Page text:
A Call for Authenticity in Online Communication
Authenticity is a core part of who I am and how I approach the world around me
Authenticity is a core part of who I am and how I approach the world around me. This is also why I put it in the name of my new company, Authentique UX.
The question I pose today is: How can we be more authentic-more genuine-in our online communications?
“I finally feel like the main character in my own story.”
In the past, I’ve had some online interactions that left me feeling a bit empty afterwards. The development of the Internet and the rise of Social Media has drastically changed the way that humans communicate online.
I did research at Microsoft Outlook for 3.5 years specifically looking at communication (over email and otherwise) and how people manage their time. It was a fascinating area of research!
Behind each online digital persona, there’s a real human deserving of respect. With real pains and desires, reaching out for connection and acceptance in the world. We are all trying to figure things out and do the best we can to be happy and to thrive in this world.
But it’s important to recognize that behind the digitally curated identity, there is a real person. When we forget that, we fall prey to one of the following traps.
Trap #1: Entitlement
When we communicate with others online, especially ones that we don’t know very well, it’s easy to approach the communication with a sense of entitlement: That other person owes me a response! I’m spending my time writing to them, of course I deserve to be written back.
Just because someone sends you an email doesn’t mean that you are obliged to respond to it.
You can’t just approach other humans as tools to help you get your life together. It’s just not their responsibility. Is is, in fact, your own responsibility to take care of yourself, since you are your best ally and the one person in this world who is most looking out for you.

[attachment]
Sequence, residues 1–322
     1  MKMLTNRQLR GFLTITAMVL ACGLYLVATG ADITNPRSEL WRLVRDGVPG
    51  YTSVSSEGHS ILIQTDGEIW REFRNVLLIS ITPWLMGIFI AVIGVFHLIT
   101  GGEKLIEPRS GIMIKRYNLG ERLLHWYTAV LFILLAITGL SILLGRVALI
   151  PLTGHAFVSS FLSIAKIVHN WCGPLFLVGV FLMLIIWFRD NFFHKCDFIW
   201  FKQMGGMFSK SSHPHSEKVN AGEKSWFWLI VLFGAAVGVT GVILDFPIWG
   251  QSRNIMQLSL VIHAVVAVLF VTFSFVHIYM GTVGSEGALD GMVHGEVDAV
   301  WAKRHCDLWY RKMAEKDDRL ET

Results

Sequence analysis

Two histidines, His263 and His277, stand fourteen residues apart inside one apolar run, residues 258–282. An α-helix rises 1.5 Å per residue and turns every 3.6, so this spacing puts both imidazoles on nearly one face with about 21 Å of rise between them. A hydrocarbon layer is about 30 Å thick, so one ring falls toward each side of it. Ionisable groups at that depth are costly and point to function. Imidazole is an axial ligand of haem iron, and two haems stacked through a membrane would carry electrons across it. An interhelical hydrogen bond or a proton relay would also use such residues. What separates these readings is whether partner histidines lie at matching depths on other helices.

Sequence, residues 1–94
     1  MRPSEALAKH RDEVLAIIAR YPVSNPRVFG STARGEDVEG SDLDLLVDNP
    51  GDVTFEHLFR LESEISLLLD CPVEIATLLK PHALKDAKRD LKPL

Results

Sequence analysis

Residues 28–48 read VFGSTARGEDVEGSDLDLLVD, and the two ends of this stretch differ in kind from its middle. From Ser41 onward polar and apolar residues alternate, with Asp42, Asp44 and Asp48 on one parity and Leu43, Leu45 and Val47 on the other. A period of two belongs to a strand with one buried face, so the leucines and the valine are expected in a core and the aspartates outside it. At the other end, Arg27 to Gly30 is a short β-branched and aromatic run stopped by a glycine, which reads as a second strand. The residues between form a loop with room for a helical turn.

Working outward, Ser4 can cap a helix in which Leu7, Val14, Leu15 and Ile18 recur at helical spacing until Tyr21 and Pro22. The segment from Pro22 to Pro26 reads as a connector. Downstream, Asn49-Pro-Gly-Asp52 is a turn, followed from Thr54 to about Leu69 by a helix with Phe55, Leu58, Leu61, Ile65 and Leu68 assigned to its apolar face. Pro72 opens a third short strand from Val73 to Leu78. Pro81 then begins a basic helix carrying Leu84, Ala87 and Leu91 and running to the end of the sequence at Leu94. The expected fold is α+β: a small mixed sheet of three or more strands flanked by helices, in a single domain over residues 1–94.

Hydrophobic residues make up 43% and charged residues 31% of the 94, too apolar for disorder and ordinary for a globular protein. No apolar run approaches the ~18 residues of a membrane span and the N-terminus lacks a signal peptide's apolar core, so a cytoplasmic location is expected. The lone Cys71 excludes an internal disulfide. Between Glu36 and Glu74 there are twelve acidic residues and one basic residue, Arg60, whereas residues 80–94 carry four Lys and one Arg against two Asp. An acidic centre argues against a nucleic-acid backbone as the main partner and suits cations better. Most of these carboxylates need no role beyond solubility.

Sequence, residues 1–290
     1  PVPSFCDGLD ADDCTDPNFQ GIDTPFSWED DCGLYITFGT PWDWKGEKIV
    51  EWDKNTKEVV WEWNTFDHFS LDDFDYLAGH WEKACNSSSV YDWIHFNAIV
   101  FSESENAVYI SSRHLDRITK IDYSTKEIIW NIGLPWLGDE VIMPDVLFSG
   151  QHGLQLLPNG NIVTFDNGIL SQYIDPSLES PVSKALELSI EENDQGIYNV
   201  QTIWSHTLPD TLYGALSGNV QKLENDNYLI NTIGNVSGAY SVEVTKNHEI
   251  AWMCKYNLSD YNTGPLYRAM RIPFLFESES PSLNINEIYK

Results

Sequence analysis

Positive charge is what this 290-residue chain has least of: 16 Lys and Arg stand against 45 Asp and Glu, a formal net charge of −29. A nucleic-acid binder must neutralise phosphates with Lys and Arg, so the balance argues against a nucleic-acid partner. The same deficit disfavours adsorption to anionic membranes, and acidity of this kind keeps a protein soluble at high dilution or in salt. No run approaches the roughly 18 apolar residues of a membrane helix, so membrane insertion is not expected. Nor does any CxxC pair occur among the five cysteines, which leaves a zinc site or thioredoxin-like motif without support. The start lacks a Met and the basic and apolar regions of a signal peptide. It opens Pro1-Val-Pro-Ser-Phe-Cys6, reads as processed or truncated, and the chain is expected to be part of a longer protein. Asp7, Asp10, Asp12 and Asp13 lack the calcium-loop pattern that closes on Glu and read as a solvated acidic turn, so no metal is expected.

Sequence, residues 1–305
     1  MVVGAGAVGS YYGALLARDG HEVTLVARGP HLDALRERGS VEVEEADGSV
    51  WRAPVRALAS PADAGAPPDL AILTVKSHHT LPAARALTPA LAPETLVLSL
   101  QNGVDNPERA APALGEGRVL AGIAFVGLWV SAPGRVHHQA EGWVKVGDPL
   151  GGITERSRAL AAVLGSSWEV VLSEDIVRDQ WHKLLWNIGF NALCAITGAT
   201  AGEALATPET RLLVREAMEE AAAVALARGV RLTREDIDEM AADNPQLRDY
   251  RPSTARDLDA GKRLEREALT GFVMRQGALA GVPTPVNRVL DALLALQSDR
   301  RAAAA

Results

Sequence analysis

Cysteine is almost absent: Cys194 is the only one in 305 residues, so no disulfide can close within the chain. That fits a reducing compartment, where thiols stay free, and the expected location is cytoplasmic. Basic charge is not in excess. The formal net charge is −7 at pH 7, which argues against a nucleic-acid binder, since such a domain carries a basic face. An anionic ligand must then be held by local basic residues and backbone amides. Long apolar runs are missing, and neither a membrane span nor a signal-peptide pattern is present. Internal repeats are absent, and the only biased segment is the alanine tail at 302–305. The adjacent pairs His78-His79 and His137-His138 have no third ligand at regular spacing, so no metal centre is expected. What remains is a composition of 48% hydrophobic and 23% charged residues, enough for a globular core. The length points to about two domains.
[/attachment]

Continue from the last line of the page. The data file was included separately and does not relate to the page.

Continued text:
Others are there for you too, but you have to deserve their help. You have to gain their trust. You have to earn it.
You also have to give back. Communication is a two way street, just like any relationship. If Person A is always moving towards person B, but Person B doesn’t move towards Person A, the balance is off. Person B might not value Person A, or might just be busy, or might not see it as a partnership of equals.
It’s when we misdiagnose the type and quality of our relationships that we fall into the trap of Entitlement.
Here’s an example: a work colleague forwarded me the resume of a potential candidate, so I took a look, added them on LinkedIn and reached out to say hello. We exchanged a few messages and then he went silent.
A couple months later, I got an apologetic email and a link to his Google calendar for me to find a time.
I didn’t know exactly how to respond. I was pretty busy and when I offered to have a chat, I was ignored. I didn’t feel like I was getting the same respect back. If you are looking for a job and a hiring manager wanted to talk to you, wouldn’t you do everything you could do to talk to them? Don’t make the busy one do all the work just to fit into your schedule. It’s the other way around.
Here are some ideas on how to approach this situation better:
- If it doesn’t work out to meet now, say so. Let the other person know what’s going on with you and suggest a timeframe in the future that works better.
- Don’t ghost people.
- Don’t assume bad intentions of the other person. Maybe their grandmother was sick. Maybe they got another job.
- But, if you do disappear and then email again months later, explain what happened. Apologize. You’ll be surprised how far a little honesty and humility will take you.
- When you are reestablishing a connection, do so without any expectation of the other person. People are not Tools. Just because you ask for something doesn’t mean they are obliged to give you what you want.
As I reflect on this experience, what bothers me most is the lack of consideration. If we treat people as fellow humans, with compassion and consideration for their needs, I think we’d approach communication differently.